Ξ February 7th, 2010 | → 13 Comments | ∇ 90041, Oxy |
This post has been marinating for a while. I want to strike a respectful tone and be mindful of those who have a different but legitimate perspective. Still, I can’t help but feel a segment of our Northeast community is trying to have their cake and eat it too. Here it is: Why would you move within blocks of a college, and then be upset that you have to deal with the antics of college students?
A recent Boulevard Sentinel article penned by Oxy neighbor and employee Mo Oxford got me thinking. In the piece, Ms. Oxford recaps a somewhat accurate history of the last decade of living next to the Alpha Tau Omega fraternity house on Alumni Ave. Some of her claims are exaggerated or loaded with sinister innuendo (the hazing death she mentions occurred because of a car accident with no alcohol involved), but generally, Ms. Oxford accurately recounts all the reasons people don’t like living next to fraternities: noise in the late hours, alcohol abuse, and pretty much the living conditions you would expect from a house full of 19 year-old boys. Ms. Oxford is far from alone in her frustration with Oxy students. A few months ago, a commenter to our site who identified himself only as “E” complained of drunk screaming in the wee hours, bemoaning a sense of entitlement, and calling Oxy students “the worst”.
So, to circle back on my original rhetorical question: “Why live next to a college if you don’t like college students?” After all, wouldn’t Isla Vista just be a nice quiet seaside community if it wasn’t for UCSB? Now if only I could stop with my sense of Oxy alumnus self-righteousness. The problem with the behavior these neighbors are complaining about is that it’s a criminal nuisance. I don’t like graffiti, but am I not making the neighborhood better by calling 311 and having it painted out? Similarly, are Ms. Oxford and “E” whiners for having run out of patience with underage drinking and behavior that prevents them from sleeping?
The problem with living near a college is that while the individual students grow up, (I’d like to believe I’m an example of this) the student body never does. Your neighbors are doomed to be a constant cycle of 18 to 23 year-olds who are independent for the first time in their lives. Still, living next to a college isn’t all bad. Oxy has a beautiful campus that is open to the public, provides 1,800 customers for the local businesses we love so much, and brings some of the brightest minds in the nation to Eagle Rock. (I speak of the faculty; Oxy’s students are smart, but not that smart.) Oxy has existed in our neighborhood for over 100 years and for better or for worse, it’s part of the community that isn’t going anywhere.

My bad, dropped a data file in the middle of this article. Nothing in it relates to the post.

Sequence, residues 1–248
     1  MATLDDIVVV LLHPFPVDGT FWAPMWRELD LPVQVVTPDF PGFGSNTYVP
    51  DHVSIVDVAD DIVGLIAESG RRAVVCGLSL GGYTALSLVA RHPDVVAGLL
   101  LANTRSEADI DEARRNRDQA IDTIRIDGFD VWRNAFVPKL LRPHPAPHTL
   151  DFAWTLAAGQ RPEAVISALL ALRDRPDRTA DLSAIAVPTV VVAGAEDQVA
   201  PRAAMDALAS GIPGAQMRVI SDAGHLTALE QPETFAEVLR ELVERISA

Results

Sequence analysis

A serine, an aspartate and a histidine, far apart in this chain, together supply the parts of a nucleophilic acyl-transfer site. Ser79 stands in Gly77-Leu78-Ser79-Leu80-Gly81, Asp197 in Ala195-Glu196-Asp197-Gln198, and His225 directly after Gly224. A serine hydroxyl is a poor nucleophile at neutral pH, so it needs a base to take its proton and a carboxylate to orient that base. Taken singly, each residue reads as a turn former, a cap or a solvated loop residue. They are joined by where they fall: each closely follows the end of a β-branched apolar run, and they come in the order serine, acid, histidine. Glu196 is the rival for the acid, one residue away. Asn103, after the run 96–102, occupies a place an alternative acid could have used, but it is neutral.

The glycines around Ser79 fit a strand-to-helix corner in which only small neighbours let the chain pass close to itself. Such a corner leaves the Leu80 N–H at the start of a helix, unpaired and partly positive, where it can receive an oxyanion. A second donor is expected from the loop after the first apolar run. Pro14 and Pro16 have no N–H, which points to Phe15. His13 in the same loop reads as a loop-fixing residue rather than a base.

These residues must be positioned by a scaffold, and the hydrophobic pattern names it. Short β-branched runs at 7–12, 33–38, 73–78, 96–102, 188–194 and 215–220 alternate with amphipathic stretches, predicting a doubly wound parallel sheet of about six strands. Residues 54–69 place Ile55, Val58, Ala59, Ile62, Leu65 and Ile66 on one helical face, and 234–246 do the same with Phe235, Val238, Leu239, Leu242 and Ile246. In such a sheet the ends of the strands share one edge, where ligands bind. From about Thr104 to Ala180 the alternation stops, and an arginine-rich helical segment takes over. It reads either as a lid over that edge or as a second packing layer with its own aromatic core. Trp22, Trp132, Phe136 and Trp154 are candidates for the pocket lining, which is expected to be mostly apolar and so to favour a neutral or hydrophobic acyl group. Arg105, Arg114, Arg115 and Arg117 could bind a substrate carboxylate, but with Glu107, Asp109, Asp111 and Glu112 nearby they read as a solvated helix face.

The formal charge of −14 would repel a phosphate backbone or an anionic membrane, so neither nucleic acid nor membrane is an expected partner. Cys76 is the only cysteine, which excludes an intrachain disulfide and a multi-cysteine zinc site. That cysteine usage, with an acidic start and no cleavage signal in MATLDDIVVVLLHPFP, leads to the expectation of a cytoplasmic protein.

My solution then is that Oxy should liberalize their drinking policies. Oxy parties are terrible. In my time there, the school would typically buy one keg of beer for the entire student body, quarantine the drinkers in a roped-off pen, and generally, the alcohol was gone by 11. It’s not responsible behavior, but students hell bent on drinking in a social environment would then move off campus. The reality is that 18-23 year olds are going to drink, and the Oxyadministration has left students two options: 1. Engage in solitary drinking in a dorm room until Campus Safety arrives. 2. Go off campus and upset the neighbors. Remember, the local bars are usually too expensive for college students and even worse, some require driving.
This isn’t news to the school’s administration. Former interim college president Robert Skotheim acknowledged as much in publicly arguing for lowering the national drinking age. Don’t expect the school to assume the liability headache that would ensue from making drinking on campus more appealing to students however. Oxy may present itself as being sympathetic to the neighbors’ complaints, but its alcohol policies are designed specifically to push students off campus to become the surrounding community’s problem. Instead of vilifying students for behaving like students (albeit obnoxious ones), the community should look to the administration to assume its fair share of the responsibility to be a good neighbor. For most us, this means an phone call to campus safety at (323) 259-2599; for Ms. Oxford, she can simply walk down the hall.